The Argument

Don’t sanction dictators

It doesn’t work. By Jason McLure As Islamist militants tighten their grip over southern Somalia, the international community is searching in vain for ways to keep the country’s weak, U.N.-backed government from collapsing. The latest plan: sanctions for nearby Eritrea, which has channeled weapons to Somalia’s Shabab and other Islamist militias. At the recent African ...

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It doesn’t work.

By Jason McLure

As Islamist militants tighten their grip over southern Somalia, the international community is searching in vain for ways to keep the country’s weak, U.N.-backed government from collapsing. The latest plan: sanctions for nearby Eritrea, which has channeled weapons to Somalia’s Shabab and other Islamist militias. At the recent African Union summit in Libya, the continent’s leaders reiterated their call for the U.N. Security Council to take action; condemnation of Eritrea has resonated from every corner of the globe.

There’s no doubt that Eritrea has an awful government (Human Rights Watch recently labeled the country a “giant prison”). As gratifying as it may be to punish bad behavior, however, the question here is different: Would sanctions actually change this tiny dictatorial state or its delinquent behavior? It’s a quandary that has plagued policymakers for decades — from Cuba to North Korea to Burma. And despite sanctions’ status as a go-to foreign-policy gadget, the answer is often no. When used on already-isolated regimes, sanctions may even be counterproductive. The Eritrean example shows us why.

Sanctions are made to cut countries off from vital international exchange. The trouble is, Eritrea already trades less with the outside world than any country in Africa and places 210th out of all 226 countries and islands for global commerce. The country’s president, Isaias Afewerki, isn’t interested in being a globe-trotting statesman. He regularly skips African Union summits and meetings of East African leaders. And anyway, sanctions won’t deter his few, less savory allies in Libya, Sudan, and Iran who provide Eritrea with aid and diplomatic support. Sanctions will only drive the Eritrean government further into the arms of its dubious allies.

Nor will sanctioning Eritrea choke off the flow of arms and money heading toward Somalia’s militants. There has been an arms embargo on Somalia for more than a decade, and it has been about as effective as a chastity belt on Silvio Berlusconi. The country has a 3,000-km coastline that the world has struggled to patrol for pirates — let alone under-the-radar arms shipments. On land, Mogadishu is home to a dizzying array of traditional money-transfer services that keep Somalia’s economy from further collapse — and its Islamists propped up with foreign funds. Besides, as the United Nations has pointed out, both African Union peacekeepers and Ethiopian troops have apparently sold arms and equipment in Mogadishu to their ostensible enemies.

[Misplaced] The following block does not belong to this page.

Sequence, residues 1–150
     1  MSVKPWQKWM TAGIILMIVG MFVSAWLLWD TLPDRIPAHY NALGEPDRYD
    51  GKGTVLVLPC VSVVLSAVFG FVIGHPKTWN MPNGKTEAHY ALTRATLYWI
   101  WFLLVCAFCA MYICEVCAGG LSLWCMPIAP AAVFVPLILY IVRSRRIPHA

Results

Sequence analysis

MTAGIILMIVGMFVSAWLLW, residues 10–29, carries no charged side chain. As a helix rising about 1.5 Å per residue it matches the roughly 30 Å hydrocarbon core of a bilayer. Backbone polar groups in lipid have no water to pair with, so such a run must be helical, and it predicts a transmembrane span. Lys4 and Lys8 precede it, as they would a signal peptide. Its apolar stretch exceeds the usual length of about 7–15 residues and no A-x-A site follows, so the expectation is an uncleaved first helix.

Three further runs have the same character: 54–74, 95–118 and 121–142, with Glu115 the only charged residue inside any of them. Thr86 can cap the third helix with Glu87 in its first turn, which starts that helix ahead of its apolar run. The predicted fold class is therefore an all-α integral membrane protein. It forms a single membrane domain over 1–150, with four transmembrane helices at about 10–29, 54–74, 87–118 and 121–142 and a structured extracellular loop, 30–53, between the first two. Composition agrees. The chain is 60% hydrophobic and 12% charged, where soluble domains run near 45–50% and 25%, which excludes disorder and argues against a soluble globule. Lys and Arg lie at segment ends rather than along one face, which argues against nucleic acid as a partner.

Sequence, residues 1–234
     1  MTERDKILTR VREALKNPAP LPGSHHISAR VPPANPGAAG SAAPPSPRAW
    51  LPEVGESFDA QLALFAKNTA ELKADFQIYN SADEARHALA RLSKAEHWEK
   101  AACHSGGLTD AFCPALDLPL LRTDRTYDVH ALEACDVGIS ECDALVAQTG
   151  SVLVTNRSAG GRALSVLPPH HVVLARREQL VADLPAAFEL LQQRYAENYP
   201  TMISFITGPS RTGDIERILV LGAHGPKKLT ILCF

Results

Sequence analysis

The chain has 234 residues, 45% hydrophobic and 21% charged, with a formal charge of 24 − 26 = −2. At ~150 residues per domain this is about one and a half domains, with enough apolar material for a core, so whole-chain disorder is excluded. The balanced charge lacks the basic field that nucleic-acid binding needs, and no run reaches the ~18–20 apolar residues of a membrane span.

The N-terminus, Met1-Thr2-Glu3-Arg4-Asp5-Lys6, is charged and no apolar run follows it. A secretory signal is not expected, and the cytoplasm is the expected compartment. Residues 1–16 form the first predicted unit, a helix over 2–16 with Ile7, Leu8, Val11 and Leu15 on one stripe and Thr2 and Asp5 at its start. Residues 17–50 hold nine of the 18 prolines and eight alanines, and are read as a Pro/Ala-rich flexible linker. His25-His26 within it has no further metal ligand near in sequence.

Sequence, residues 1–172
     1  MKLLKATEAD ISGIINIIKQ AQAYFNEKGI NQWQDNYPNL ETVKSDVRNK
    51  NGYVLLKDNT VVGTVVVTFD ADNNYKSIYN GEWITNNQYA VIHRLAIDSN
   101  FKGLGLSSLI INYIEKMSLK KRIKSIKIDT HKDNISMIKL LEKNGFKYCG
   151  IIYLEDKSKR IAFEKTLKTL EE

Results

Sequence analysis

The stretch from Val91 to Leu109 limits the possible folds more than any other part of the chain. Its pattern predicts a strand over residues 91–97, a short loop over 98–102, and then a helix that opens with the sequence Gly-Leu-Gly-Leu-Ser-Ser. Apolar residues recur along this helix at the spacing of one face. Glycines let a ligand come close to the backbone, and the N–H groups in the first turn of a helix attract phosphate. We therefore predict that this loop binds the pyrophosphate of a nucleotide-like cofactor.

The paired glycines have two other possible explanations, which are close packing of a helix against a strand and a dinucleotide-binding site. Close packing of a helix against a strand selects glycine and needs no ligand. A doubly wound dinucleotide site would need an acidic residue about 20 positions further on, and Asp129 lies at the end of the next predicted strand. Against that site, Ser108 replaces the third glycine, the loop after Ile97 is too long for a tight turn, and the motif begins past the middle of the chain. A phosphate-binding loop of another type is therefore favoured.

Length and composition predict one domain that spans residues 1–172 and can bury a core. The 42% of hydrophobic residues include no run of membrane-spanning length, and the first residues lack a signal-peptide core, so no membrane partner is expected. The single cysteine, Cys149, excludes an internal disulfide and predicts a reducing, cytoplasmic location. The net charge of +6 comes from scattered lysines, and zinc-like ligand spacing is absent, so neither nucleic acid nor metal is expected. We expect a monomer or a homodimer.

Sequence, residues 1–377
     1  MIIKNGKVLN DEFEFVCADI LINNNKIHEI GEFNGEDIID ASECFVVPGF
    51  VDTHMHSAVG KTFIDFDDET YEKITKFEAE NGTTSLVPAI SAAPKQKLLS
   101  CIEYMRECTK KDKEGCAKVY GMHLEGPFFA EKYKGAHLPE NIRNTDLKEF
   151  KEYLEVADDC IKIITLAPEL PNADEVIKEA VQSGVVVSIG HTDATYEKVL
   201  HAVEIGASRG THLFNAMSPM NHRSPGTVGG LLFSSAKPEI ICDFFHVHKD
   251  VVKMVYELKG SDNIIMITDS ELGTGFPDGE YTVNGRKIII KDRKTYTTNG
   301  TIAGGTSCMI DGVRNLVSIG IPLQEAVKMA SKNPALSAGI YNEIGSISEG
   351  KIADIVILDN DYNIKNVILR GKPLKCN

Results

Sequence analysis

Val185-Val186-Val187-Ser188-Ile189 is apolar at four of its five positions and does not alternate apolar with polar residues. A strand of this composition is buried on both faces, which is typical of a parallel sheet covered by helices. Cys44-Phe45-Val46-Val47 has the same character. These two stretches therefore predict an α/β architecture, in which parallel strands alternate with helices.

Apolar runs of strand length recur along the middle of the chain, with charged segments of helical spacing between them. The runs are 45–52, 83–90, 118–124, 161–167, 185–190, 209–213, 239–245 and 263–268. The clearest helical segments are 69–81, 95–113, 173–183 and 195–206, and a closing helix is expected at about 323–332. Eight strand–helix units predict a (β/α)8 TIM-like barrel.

Aside from being ineffective, sanctions on Eritrea could carry a rather debilitating liability for the international community. Sanctioning Eritrea would dangerously border on taking sides in Eritrea’s frozen conflict with Ethiopia, one that has stretched on in one form or another for nearly a decade. Following the two countries’ border 1998-2000 war, Ethiopia refused to give back land that a U.N.-backed border commission awarded to Eritrea. So both sides took their struggle to Somalia, where Eritrea backs Islamist militias and Ethiopia props up a flailing government. Eritrea has behaved badly, true, but both countries have been arming Somali militias in a proxy war for years. The United Nations and the United States would do better to mediate the Ethiopia-Eritrea conflict rather than taking sides.

These lessons apply to sanctions on dictators more broadly. How do you punish North Korea with sanctions when its trading partners are already limited to a handful of countries — none of which are likely to pay heed to a harsher set of rules? How do you choke Zimbabwe’s Robert Mugabe when his strongest rationale for staying in power is to save his country from the hands of countries who would (and do) impose sanctions? Perhaps it’s no wonder that such countries’ leaders not only survive sanctions, but use them to justify bad behavior.

After 18 years of civil war, it’s possible there’s nothing outsiders can do to fix Somalia. Certainly, sanctions on Eritrea are not the answer. Trying to get Ethiopia and Eritrea to stop using the country as a proxy battleground would be worth a shot.

Jason McLure is a journalist based in Addis Ababa, Ethiopia. His reporting has appeared in Newsweek, The Economist, and Bloomberg News.

Photo: ASHRAF SHAZLY/AFP/Getty Images

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